A YouGov survey has discovered that 84 per cent of students think their accommodation is harmful to health
According to a new YouGov survey, 81 per cent of students believe that their health is seriously influenced by their university accommodations.
YouGov Consumer Survey (2014) Air Quality reveals that full-time students are of the opinion that they are the most in danger of ‘Toxic Home Syndrome’.
Due to ‘Toxic Home Syndrome’, people that are living in houses with poor air quality due to harmful airborne pollutants are very likely to incur respiratory and dermatological diseases.
The most common pollutants that students should be aware of are biological pollutants, such as mould spores, volatile organic compounds (VOCs), gas and building materials.
It was reported by YouGov that 37 per cent of students respondents assert that they were afflicted by breathing problems such as asthma, with another 23 per cent said to have had eczema. Both of them can be caused by inadequate indoor air ventilation.
Allergy experts encourage students to be more aware that living in these conditions puts their health in danger, as, on average, 33 per cent of students have had mould growing in their bathrooms or bedrooms.
Peter Howarth, Professor of Allergy and Respiratory medicine at Southampton University, said: “It is imperative that students are alert to the gravity of household air pollution as they typically spend long periods of time in their university homes.
“As well as mould, other air pollutants found in the student home include everyday household items such as air fresheners, cleaning products and detergents. As students rarely have access to a garden and therefore dry their laundry indoors, they are at risk of unknowingly polluting the indoor environment with the harmful compounds released from the detergent.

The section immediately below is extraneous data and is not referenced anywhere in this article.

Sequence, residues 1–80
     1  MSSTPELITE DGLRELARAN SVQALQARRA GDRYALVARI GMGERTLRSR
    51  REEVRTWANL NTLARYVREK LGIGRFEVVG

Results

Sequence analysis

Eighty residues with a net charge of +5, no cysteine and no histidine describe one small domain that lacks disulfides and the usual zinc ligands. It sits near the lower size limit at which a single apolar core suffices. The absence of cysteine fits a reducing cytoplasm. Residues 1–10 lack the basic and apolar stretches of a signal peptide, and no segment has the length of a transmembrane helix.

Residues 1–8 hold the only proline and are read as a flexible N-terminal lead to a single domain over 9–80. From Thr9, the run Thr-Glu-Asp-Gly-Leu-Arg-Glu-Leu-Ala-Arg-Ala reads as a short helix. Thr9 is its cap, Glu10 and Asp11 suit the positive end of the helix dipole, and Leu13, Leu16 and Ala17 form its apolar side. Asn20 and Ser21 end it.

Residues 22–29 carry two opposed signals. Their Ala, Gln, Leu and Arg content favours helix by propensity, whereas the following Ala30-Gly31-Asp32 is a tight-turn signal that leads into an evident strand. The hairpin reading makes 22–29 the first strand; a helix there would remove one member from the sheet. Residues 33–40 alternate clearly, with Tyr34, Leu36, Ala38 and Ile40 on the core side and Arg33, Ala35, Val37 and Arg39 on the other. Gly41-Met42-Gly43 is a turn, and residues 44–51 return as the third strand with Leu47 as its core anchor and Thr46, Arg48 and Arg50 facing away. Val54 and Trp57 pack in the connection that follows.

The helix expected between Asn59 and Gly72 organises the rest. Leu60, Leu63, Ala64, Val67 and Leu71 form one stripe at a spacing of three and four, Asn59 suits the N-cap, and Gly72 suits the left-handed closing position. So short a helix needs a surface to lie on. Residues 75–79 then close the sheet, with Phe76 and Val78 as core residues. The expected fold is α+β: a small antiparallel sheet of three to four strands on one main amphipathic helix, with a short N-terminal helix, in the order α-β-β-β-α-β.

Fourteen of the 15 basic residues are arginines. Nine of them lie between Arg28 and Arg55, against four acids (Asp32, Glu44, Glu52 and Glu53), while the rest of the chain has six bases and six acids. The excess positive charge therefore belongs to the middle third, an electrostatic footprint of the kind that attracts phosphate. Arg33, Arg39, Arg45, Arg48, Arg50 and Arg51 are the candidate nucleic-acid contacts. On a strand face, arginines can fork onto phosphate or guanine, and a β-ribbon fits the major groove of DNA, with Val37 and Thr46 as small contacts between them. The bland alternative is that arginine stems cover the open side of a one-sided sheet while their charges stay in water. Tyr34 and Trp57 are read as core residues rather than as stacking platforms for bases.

“This indoor ‘pollutant soup’ can be particularly hazardous in the winter months when homes get little natural ventilation and are most prone to condensation and mould. I would urge students to take steps to significantly improve their home’s ventilation in winter to minimise their risk of Toxic Home Syndrome.”
Students from the University of Manchester believe that there is poor indoor air quality in halls. Speaking to The Mancunion, Kanae Koike, who lives in Whitworth Park, said ”I agree with the survey’s results. In university halls it’s easy to catch a cold and difficult to recover from it.
“As we share the kitchen and the living room, and due to a bad ventilation and lack of fresh air, if someone has a cold, it’s very likely that also the other flatmates get ill. Furthermore, sometimes I’ve found mould in my kitchen.”
She added, “my room has a window that can be opened, but other rooms that don’t have might have problems of stagnant air.”
In a statement to The Mancunion, a student who lives in Canterbury Court and asked to remain anonymous, commented, “I think that the accommodation is not worth the amount we pay for it considering the size of the room, the awful carpets, the ugly curtains and the brick walls make some flats feel like prison.
“I think this will have a negative impact on students’ life and how they view the city of Manchester and the university.”
More information about Toxic Home Syndrome can be found at www.myhealthmyhome.com.